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Here's Elon Musk's Plan to Deliver Internet Access to Billions It involves sending a network of 700 lightweight satellites into space.

By Laura Entis

Opinions expressed by Entrepreneur contributors are their own.

Elon Musk -- CEO of Tesla and SpaceX – has been pretty busy disrupting the automotive and aerospace industries of late, but it looks like he's making time for a new project.

The serial entrepreneur wants to bring Internet access to billions across the globe by launching a network of 700 satellites weighing less than 250 pounds into space, The Wall Street Journal reports, citing people familiar with the matter. According to the outlet, Musk has already paired up with former Google executive Greg Wyler, and the two are in talks with officials from Florida and Colorado to build a factory that would develop these smaller, cheaper and lighter satellites.

The project, which is in the inception stage, will be difficult to execute and expensive, costing upwards of $1 billion industry officials told the Journal.

Related: Elon Musk: 'People Don't Understand How Hard it Is to Manufacture Something'

On the surface, this all appears laughably ambitious: The satellites Musk and Wyler want to develop and launch into space would be half the size and weight of the current smallest commercial communications satellite, while a network of 700 satellites would be 10 times the size of the current largest commercial fleet. In addition, as the Journal notes, "the venture would face large financial, technical and regulatory hurdles."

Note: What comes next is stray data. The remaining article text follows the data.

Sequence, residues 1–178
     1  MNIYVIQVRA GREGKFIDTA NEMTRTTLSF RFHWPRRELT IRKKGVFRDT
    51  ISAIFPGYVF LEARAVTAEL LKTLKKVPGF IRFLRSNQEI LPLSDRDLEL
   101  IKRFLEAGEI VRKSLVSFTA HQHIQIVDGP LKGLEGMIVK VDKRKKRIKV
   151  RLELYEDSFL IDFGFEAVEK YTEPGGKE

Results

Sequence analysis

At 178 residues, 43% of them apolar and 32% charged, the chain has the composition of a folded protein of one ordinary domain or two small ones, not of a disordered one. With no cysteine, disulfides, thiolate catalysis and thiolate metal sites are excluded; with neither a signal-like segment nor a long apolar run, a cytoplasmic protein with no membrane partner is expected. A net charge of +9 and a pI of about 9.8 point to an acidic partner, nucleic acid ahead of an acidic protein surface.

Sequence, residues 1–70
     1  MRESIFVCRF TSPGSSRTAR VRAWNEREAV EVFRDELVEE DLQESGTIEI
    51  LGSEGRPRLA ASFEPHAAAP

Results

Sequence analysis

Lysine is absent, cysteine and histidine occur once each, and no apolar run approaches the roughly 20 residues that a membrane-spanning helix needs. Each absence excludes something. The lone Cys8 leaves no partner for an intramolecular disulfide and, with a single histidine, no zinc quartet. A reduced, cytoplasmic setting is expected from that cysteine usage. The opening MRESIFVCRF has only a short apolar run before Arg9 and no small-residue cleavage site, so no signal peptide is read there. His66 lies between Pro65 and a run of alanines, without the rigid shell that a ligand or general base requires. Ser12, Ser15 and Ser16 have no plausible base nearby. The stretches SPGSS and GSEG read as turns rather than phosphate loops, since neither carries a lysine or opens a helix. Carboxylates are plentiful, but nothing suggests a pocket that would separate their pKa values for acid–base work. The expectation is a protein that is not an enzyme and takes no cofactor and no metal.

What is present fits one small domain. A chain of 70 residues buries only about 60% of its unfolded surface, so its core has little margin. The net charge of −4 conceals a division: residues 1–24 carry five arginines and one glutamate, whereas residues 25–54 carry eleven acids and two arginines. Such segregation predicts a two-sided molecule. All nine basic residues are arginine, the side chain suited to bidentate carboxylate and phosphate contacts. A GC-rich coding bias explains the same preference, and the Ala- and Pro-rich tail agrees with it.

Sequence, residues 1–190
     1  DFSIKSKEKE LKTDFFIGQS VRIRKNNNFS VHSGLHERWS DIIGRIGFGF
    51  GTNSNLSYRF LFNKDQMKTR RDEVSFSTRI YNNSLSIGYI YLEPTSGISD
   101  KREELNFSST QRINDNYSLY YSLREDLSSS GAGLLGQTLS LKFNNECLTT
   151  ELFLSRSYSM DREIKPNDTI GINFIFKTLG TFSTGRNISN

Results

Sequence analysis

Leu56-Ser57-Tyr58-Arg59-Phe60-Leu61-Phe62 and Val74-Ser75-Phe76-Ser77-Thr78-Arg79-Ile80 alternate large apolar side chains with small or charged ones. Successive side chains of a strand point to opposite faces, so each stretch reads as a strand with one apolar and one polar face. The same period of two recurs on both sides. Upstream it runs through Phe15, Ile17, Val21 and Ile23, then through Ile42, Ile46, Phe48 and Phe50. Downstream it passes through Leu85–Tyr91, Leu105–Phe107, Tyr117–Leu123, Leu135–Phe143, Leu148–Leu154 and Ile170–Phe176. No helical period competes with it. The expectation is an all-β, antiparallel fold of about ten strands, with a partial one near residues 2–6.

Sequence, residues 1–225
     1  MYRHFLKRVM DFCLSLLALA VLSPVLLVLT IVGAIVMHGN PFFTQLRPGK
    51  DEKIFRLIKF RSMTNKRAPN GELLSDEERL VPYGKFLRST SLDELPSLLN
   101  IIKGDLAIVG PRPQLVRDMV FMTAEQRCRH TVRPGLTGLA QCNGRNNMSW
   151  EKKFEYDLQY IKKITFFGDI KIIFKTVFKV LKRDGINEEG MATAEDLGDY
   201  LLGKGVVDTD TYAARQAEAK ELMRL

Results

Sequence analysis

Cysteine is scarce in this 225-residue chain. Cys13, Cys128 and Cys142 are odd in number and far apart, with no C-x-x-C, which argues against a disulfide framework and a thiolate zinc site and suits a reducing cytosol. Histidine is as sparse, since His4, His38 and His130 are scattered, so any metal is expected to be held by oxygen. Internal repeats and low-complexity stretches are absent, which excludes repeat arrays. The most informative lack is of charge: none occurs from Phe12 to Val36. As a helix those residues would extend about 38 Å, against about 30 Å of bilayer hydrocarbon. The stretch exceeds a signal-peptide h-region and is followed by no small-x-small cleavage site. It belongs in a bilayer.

But if anyone can pull off it off, it's Musk. The venture neatly aligns with SpaceX, the private spaceflight company Musk founded in 2002, which would likely be tasked with launching the satellites into space. More importantly, Musk has proven uncannily adept at overcoming significant regulatory and financial barriers in markets with a high-cost of entry.

It's become something of a pattern for the billionaire entrepreneur: Hatch a crazily far-fetched vision (i.e. reengineering the electric car or private space travel) and then actually deliver on it.

Related: Elon Musk Wants to Colonize Mars in Order to Fend Off Human Extinction

Laura Entis is a reporter for Fortune.com's Venture section.

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